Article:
One new business job, operations research analyst, also places in the top half of our list with an ultra-low unemployment rate and 20,000 expected new openings. Duties for this No. 23 job include identifying logistical problems within an organization and using statistical analysis to solve them. Some might find an entry-level position with just a bachelor’s degree, but it’s budding analysts with an advanced degree who should have the best job chances.
Our social services jobs introduce an element of surprise. Take, for instance, nail technician – the No. 49 job overall. It places above more traditional jobs in this sector, like lawyer (No. 51) , elementary school teacher (No. 64) and patrol officer (No. 69), partially because nail care is a low-cost luxury that people of many income levels can splurge on. The BLS predicts 15.6 percent employment growth for this occupation by 2022. Though the median salary is somewhat low – only $19,220 in 2012 – many manicurists and pedicurists work part-time and have flexible schedules. Challenger isn’t surprised that personal care jobs like nail technician, hairdresser (No. 65) and recreation and fitness worker (No. 70) made our rankings. “People now have more discretionary income and consumer confidence has risen,” he says.
“The idea that these lower-wage and seemingly less-skilled jobs aren’t good jobs is such a misconception,” Challenger adds. “Unemployment is heaviest among high school grads and those without a high school diploma, and these are often jobs that they can transition into.”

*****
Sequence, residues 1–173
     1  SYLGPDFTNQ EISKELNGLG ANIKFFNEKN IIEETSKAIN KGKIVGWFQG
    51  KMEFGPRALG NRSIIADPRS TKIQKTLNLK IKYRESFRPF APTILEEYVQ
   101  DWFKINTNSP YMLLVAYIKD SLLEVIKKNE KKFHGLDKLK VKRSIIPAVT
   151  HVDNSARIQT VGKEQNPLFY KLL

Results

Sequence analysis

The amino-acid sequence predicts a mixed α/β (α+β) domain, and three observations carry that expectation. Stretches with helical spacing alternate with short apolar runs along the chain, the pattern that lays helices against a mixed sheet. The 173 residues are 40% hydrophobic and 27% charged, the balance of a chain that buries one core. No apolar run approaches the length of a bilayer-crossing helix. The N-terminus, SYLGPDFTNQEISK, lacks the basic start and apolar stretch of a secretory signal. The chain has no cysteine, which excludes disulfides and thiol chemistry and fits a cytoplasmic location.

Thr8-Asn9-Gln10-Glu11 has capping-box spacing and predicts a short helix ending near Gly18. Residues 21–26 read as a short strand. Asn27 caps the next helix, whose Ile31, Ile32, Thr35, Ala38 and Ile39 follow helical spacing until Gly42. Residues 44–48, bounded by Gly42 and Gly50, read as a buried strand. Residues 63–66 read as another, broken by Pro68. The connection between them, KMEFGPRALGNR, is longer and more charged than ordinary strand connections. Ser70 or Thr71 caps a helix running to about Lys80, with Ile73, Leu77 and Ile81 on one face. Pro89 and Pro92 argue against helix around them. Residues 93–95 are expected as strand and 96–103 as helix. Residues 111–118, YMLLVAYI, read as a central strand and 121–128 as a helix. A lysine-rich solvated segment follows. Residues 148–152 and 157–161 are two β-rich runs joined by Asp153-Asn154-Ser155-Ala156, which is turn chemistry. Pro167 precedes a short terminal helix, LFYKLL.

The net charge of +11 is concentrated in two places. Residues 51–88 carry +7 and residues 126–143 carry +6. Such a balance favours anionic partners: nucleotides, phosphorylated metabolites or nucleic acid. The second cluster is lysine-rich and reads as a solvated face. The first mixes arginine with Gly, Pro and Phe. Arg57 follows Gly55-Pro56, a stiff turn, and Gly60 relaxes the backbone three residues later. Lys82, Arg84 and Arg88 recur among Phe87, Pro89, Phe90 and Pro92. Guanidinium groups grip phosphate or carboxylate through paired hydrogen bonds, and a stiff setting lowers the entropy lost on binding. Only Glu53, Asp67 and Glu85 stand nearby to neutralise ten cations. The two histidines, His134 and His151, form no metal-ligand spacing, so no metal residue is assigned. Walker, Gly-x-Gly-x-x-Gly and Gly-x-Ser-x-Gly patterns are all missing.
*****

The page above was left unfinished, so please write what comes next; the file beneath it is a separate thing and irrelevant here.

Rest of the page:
Some of the fastest-growing occupations hail from this industry – like brickmasons and blockmasons (35.5 percent) and insulation contractors (37.6 percent) – but their growth rate wasn’t enough to ensure them a spot in the top 100. It’s those construction jobs that possess the just-right blend of high demand and low unemployment that make the strongest showing for 2014. The unemployment rate for this industry’s top-ranking job, construction manager, is 4.7 percent, helping it to rise from No. 50 in 2013 to No. 37 this year. With more than 78,000 new openings, the construction management work force should expand 16.1 percent by 2022. “Construction is an area that continues to dig out of the hole it was in,” Challenger says. “Debt loads are freeing up, people are going back to work and the housing market is improving, so there’s potential.”
For this industry, no news is good news. In three years, we’ve neither added creative jobs to our rankings, nor have any slipped off the list. The three creative jobs we cover – architect, art director and public relations specialist – have held consistently respectable slots year after year. Public relations specialist continues to be the standout, ranking No. 85. Our infatuation with social media bodes well for PR specialists and ensures their job prospects: the BLS projects 27,000 new openings by 2022. As an architect (No. 92), your hiring fate will largely be tied to the strength of the construction industry. The BLS predicts 17.3 percent employment growth in this field between 2012 and 2022.
Here are the top 10 jobs:
1. Software Developer
2. Computer Systems Analyst
4. Nurse Practitioner
6. Registered Nurse
7. Physical Therapist
9. Web Developer
10. Dental Hygienist
Jada A. Graves
Jan 23, 2014